Clinical Scenario? . A 30-year-old woman is referred for evaluation of a 1-year history of intermittent, debilitating, postprandial right upper quadrant pain associated with nausea and occasional vomiting. The pain can last from 30 minutes to 2 hours, often radiates to the upper back, and is not ass
1. RUQ Pain and a Normal Abdominal Ultrasound Furqaan Ahmad;Evan L.Fogel
2. Clinical Scenario A 30-year-old woman is referred for evaluation of a 1-year history of intermittent, debilitating, postprandial right upper quadrant pain associated with nausea and occasional vomiting. The pain can last from 30 minutes to 2 hours, often radiates to the upper back, and is not associated with bowel movements or exercise.
3. Clinical Scenario The patient denies a history of weight loss, fever, chills, change in urine or stool color, or jaundice. She denies significant alcohol use. Trials of antacids, proton pump inhibitors, and antispasmodics have not been helpful. At times the pain has been severe enough to interrupt her daily activities.
4. Clinical Scenario The patient reports that liver chemistries and amylase and lipase levels have been persistently normal.ultrasound reveals a normal-appearing gallbladder without gallbladder wall thickening or gallstones. bile ducts are not dilated. The liver and limited views of the pancreas are also unremarkable. The patient underwent an endoscopy(EGD) 1 month ago that was normal.
5. What is the most likely cause for this patient's symptoms?
What is the next step in the diagnostic evaluation of this patient?
6. The Problem The right upper quadrant pain in this patient is suggestive of biliary origin. However, this pain syndrome accompanied by a normal gallbladder ultrasound and normal liver function tests suggests subtle acalculous gallbladder disease.
7. Differential diagnosis: peptic ulcer disease,
choledocholithiasis and microlithiasis,
irritable bowel syndrome,
Type III sphincter of Oddi dysfunction (SOD)
8. The pathophysiology of acalculous gallbladder pain : primary disorder of gallbladder motility: entrapment of supersaturated cholesterol crystals in the gallbladder wall, impaired response to cholecystokinin (CCK), or intrinsic defects in the gallbladder musculature.
Visceral hypersensitivity: (biliary dyskinesia) analogous to that in other functional disorders of the gastrointestinal tract.
9. Diagnostic Criteria for… Functional Gallbladder Disorders
1.Episodes of pain lasting 30 minutes or longer
2.Recurrent symptoms occurring at varying intervals (not daily)
3.Gradual buildup of pain intensity to a steady level
4.The pain is severe enough to interrupt the patient's activities.
5.The pain is not relieved by bowel movements.
6.The pain is not relieved by postural changes.
10. Diagnostic criteria… 7.The pain is not relieved by antacids.
8.Structural diseases that could explain the patient's symptoms have been excluded.
The pain might present with 1 or more of the following supportive criteria:
1.Pain associated with nausea and vomiting
2.Pain radiates to the back and/or right subscapular region.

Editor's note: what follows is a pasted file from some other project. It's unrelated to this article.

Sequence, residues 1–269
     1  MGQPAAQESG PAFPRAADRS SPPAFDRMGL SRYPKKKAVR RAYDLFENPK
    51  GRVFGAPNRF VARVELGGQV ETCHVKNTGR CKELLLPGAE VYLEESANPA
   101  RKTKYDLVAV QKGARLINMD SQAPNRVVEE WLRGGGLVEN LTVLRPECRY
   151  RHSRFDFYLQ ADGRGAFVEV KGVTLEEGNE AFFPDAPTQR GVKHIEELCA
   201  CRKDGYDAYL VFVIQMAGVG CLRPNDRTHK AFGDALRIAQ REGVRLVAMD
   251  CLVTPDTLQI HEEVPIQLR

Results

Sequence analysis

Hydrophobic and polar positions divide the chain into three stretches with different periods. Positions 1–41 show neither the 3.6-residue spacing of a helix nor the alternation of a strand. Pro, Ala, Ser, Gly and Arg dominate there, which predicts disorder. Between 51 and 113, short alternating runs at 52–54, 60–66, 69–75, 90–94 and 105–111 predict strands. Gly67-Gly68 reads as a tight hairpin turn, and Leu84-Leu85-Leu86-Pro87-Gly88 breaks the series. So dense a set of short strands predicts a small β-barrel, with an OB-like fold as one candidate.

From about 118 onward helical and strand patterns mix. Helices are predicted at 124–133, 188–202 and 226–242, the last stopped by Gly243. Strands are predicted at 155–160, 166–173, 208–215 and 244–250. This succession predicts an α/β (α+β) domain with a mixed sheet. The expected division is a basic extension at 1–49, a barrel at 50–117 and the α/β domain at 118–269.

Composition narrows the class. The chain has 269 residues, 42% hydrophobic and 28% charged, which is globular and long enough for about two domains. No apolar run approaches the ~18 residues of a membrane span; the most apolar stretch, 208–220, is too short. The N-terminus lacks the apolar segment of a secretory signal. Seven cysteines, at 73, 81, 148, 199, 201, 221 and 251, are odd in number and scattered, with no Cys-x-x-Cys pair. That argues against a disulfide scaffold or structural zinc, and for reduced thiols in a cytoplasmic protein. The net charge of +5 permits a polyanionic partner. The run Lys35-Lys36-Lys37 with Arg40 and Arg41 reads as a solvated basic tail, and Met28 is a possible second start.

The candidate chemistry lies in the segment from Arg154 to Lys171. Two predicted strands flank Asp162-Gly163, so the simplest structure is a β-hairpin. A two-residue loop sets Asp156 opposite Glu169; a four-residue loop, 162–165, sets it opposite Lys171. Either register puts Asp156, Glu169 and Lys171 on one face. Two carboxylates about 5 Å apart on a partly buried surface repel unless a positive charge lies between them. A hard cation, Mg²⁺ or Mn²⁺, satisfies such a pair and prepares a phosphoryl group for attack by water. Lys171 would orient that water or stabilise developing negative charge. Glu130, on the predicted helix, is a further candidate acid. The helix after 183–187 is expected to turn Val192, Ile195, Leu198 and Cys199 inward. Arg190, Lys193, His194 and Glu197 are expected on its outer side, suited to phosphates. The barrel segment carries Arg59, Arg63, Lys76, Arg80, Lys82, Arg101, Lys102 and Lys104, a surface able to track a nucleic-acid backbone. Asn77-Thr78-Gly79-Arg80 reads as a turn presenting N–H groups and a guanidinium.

3.Pain awakens patient from sleep in the middle of the night.
11. Diagnosis: 99mtechnetium-labeled hepato-iminodiacetic acid (99mTcHIDA) cholescintigraphy HIDA scan
12. Cholescintigraphy Measurements of gallbladder ejection fraction are influenced by the dose, rate, and duration of CCK infusion, none of which are currently standardized..
a uniform threshold for abnormal gallbladder ejection fraction cannot be standardized without uniform administration of CCK. Most published data have defined gallbladder dysfunction as an ejection fraction less than 35%–40%. pain.
13. Cholescintigraphy The finding of HIDA scan is not 100% specific for gallbladder dysfunction. Several other conditions might also cause impaired emptying, including obesity, diabetes, pregnancy, cirrhosis, celiac disease, and medications (calcium channel blockers, opioids, anticholinergics, and sex hormone)
14. Outcomes After Cholecystectomy : The patients that have abnormal HIDAscan recommended cholesystectomy but the benefit of surgery in relief of pain of patients is contraversy.
studies:partial relief after removal of a dysfunctional gallbladder in some patients.
A study:similar responses to surgery in patients both with and without abnormal gallbladder emptying
15. Cholecystectomy : The mean follow-up period of the studies included in the meta-analysis by Ponsky and colleagues ranged from 9–30 months .
Outcome of study: patients who underwent surgery had a high rate of symptomatic response to surgery at 1-month follow-up. However, at 2-year follow-up, the proportion of patients with symptomatic improvemen twas similar among those who underwent surgery and those who did not.
16. Sphincter of Oddi Dysfunction : This classically presents as recurrent or continued upper quadrant pain after cholecystectomy .
17. SOD with an intact gallbladder? There are limited data on the frequency of SOD in patients with an intact gallbladder. However, SOD has been documented in up to 10% of patients with symptomatic gallstones and 50% of patients with biliary-type pain and a normal gallbladder ultrasound.
18. association between SOD and gallbladder dysfunction? In a prospective study conducted to study the relationship between SOD and gallbladder dysfunction, 81 patients with biliary-type pain and an intact, sonographically normal gallbladder underwent both sphincter of Oddi manometry and HIDA cholescintigraphy. Of 41 patients with a normal HIDA scan, 57% had SOD; of 40 patients with an abnormal HIDA scan, 50% had SOD.
19. Data from this study suggest that both SOD and gallbladder dysfunction are common in this group of patients and appear to occur independently of one another.